Victors not synchronized - dual motor train

Our bot uses the dual motor kit tranmissions (2 CIMs left, 2 CIMs right, and 4 884s). We noticed some rather loud motor noise (over and above the loud tranny noises) occasionally when accelerating. The sound is best described as a stalled CIM. We tried using Y-cables for the PWM signal to the two victors on each side. The noise still persists, though, like I said, is intermittent.

Funny thing though, if we wire both CIMs to one victor (yeah, I know its not legal) the problem is solved!

So, if the input signal in the same to each victor (via the Y-cable), how are we sure that the output is the same? Is there a way to calibrate two victors so that they behave the same with identical input signals?


My team had a similar problem, we solved it by recalibrating both Victors simultaneously. Just use the guide on to calibrate, and do both at once.

Go to to the homepage, click Victor 884 on the left side and then get the User Guide PDF, it’s in there.

Did you try doing them separately and it didn’t solve it? I’m asking this because that would mean we have three of them to do at once. :wink:

We didn’t try them separately no, it didn’t seem logical, we want them to be in perfect synchronicity and our joysticks aren’t that good with that, so for us the logical solution is simultaneously calibrating them, I’ve found its very easy to do with multimeter probes in the calibration pinholes. But we only had two, but two people, three probes, not so hard, then just move one joystick forward/backward/etc repeat with the other side. It’s not very difficult.

It seems incredibly unlikely to me that slightly mismatched voltages would make any noise whatsoever. I’m inclined to say you’ve misdiagnosed your problem, unless you’re calibration is ridiculously off. We’re on our second year of quad motor drives, and have never experienced such a problem as the result of mismatched voltages. If the voltages are slightly different, all that should happen is perhaps a slightly uneven load sharing-- but that ought to be a silent affair.

That noise might just be due to very unlubricated gears and causing a lot of friction and thus causing the motor to stall. Trying lubricating the gears with something and it should lessen the stalling of the motors. I seems very unlikely that the victors are reacting differently to the same data sent to them, at least in my 2 years of electronic experience.

We were getting really bad buzzing. Part of this is due to the Fisher Price being combined with the two Chias. At startup, I assume they are “fighting” (not spinning opposite directions, but not spining at the same speed) a little bit. Anyhow, I’m not exactly sure what we did, but we either calibrated the Victors or switched the motor polarity (and pwm values) or both. Anyhow, the buzzing is almost completely gone, only very minimal (due to drag and the FP). It was an electrical, not mechanical induced sound.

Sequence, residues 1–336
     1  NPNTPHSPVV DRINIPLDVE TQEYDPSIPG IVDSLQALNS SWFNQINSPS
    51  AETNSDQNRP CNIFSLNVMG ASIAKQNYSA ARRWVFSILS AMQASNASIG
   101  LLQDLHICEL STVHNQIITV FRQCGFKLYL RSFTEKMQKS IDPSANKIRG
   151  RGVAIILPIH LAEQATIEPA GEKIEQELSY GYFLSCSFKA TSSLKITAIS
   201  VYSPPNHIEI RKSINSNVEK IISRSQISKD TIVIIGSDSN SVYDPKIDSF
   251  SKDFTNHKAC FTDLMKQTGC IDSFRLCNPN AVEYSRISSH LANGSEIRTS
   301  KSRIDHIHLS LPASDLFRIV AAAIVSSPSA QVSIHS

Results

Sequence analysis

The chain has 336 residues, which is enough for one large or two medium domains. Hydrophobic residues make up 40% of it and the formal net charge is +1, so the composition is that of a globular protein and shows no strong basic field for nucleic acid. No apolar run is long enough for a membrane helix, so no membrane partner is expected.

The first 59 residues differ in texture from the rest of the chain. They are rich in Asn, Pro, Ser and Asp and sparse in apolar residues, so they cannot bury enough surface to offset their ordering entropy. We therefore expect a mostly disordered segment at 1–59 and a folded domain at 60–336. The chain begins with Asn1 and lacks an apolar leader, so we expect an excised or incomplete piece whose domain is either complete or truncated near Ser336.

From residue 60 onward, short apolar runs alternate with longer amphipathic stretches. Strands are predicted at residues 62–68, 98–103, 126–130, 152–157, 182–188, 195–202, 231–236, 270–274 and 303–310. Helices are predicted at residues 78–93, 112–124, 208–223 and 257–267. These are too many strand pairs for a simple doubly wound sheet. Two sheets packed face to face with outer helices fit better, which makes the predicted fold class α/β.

A simple way to get everything calibrated is to remove all the breakers but the one you want to calibrate. Go through the calibration procedure. (remember the values are not stored until you release the button.) Then swap breakers and repeat until all the controllers are calibrated. It is not unusual to have a little “chatter” at dead stick but if you think it is a problem, increase the deadband and see if that fixes it. When you have two different motor types running in the same transmission, you are likely to get noises that are combinations of the two that you never heard before. Just be sure that each motor is adding to the overall output, that no motor is drawing more than expected currents and that all motors are running in the same direction for the same input. (removing breakers helps on this test as well.)

Adding to Al’s suggestion:

When first energizing everything, program, test and check one motor at a time. Even if it is a dirt simple arrangement.

Pull all the breakers. P

Put in a breaker for only one motor.

Program it, test, and note the direction it spins in vs joystick motion.

Pull the breaker out.

Put one in for the next motor.

Program it, test, and note the direction it spins in vs joystick motion.


From a team who has built quite a few 6-motor drivetrains, we can safely say that motors running in opposing directions is a VERY bad thing. Avoid it at all costs through just a little bit of patience and care.


Somwhere i read a claim that the speed controllers are perfectly calibrated to work with ifi controllers and that the calibration is only for using victors with rc systems that lack trim. I don’t remember where i heard this, but it is very wrong. On one of our 4 motor drive prototypes, the speed controllers were soo off that it was impossible to trim the joystick such that at least one motor was not trying to move at all times. The problem was easily fixed by calibrating the speed controllers.